A flowing landscape of grass-topped, terracotta-coloured concrete animates the Chaohu Natural and Cultural Centre designed by Chinese studio Change Architects to reference mountains in Anhui province.
Commissioned by OCT Group, the centre provides a community hub and restaurant for the Bantung Hot Spring Town resort, which forms part of a new economic development zone at the foot of a mountain to the north of the city of Chaohu, China.
Its design is informed by both mountains and wormholes, with a series of performance and restaurant spaces punctured by large openings that allow visitors to see the surrounding landscape in new ways.
“The logic of the architectural concept derived from the idea of natural elements,” explained Change Architects.
Winding across the site between a small lake and a path, the concrete structure incorporates walkways and viewing points and rises up at its western end to conceal a large restaurant beneath a grass-topped mound.
This artificial landscape was constructed using a steel frame, which was then covered with concrete poured in situ, and finished with a green roof and anti-slip surface finishes.
Holes and curved openings that puncture the roof create skylights and open courtyards below, where sunken areas of amphitheatre-like seating provide informal areas for outdoor performances.
The sinuous walkways provide multiple routes to the restaurant entrance, where visitors can either descend into a lounge space or move upwards towards the dining area.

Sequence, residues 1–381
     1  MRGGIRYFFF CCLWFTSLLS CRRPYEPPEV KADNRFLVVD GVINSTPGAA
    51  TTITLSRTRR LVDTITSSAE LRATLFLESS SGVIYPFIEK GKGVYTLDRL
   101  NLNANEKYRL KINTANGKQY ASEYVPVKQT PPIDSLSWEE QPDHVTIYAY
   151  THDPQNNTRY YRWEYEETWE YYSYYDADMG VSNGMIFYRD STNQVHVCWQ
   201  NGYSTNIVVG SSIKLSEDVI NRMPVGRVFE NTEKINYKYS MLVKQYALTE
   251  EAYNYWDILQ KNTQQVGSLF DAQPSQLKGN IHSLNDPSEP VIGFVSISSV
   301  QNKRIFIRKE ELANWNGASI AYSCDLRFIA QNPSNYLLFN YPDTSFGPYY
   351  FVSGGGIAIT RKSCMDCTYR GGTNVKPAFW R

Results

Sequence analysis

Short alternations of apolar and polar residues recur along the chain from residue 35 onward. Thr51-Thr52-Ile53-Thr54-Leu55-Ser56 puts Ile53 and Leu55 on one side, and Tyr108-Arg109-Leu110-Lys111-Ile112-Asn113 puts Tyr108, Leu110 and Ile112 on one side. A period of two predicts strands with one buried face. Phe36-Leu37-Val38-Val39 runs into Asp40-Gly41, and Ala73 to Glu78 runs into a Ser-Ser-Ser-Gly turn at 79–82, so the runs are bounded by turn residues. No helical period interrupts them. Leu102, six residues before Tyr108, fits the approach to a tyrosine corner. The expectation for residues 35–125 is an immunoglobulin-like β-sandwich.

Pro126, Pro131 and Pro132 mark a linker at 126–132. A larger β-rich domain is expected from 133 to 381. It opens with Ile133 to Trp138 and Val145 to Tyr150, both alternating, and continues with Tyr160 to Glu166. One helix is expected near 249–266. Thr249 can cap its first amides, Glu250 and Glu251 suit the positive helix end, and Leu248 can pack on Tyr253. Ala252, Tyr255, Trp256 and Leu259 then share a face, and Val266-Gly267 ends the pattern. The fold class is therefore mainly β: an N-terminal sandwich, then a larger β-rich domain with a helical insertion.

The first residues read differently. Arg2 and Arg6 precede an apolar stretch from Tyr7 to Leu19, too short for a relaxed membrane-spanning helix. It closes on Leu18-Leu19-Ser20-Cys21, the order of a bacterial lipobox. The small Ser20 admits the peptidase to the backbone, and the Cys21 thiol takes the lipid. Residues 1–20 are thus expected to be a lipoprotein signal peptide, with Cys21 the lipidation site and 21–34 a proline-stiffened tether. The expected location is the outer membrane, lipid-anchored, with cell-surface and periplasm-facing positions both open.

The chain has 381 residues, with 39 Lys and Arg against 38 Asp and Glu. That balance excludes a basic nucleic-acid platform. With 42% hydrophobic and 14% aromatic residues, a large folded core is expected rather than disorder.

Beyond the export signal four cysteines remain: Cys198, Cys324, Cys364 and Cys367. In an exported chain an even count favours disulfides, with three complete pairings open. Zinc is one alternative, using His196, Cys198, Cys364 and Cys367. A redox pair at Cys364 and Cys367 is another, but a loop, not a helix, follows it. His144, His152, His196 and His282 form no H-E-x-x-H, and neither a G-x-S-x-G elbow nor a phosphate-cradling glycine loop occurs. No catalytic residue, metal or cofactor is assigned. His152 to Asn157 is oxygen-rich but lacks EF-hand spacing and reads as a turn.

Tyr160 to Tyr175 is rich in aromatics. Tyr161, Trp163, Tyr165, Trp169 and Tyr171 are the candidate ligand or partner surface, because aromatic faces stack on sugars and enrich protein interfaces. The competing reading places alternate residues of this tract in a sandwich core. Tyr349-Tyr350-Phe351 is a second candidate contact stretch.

Once inside the restaurant, a fully-glazed wall looks out over an adjacent lake to the south. At night, the building is reflected in the water, creating a “moment where mountains, water and buildings meet”.
The dining area is housed in a rectangular form that projects from the northern side of the large mound, with a mirrored exterior designed to blend in with the surroundings and a balcony to provide views of the nearby mountains.
The interiors of the Chaohu Natural and Cultural Centre’s restaurant are defined by smooth, white-painted concrete surfaces and extensive planting. Designed by the German-based studio Ippolito Fleitz Group, they are intended to echo the flowing form of the exterior.
Elsewhere in China, a Team BLDG created a cluster of grass-topped, artificial mounds to conceal facilities for a riverfront park in Pazhou.
The photography is by Qingshan Wu.
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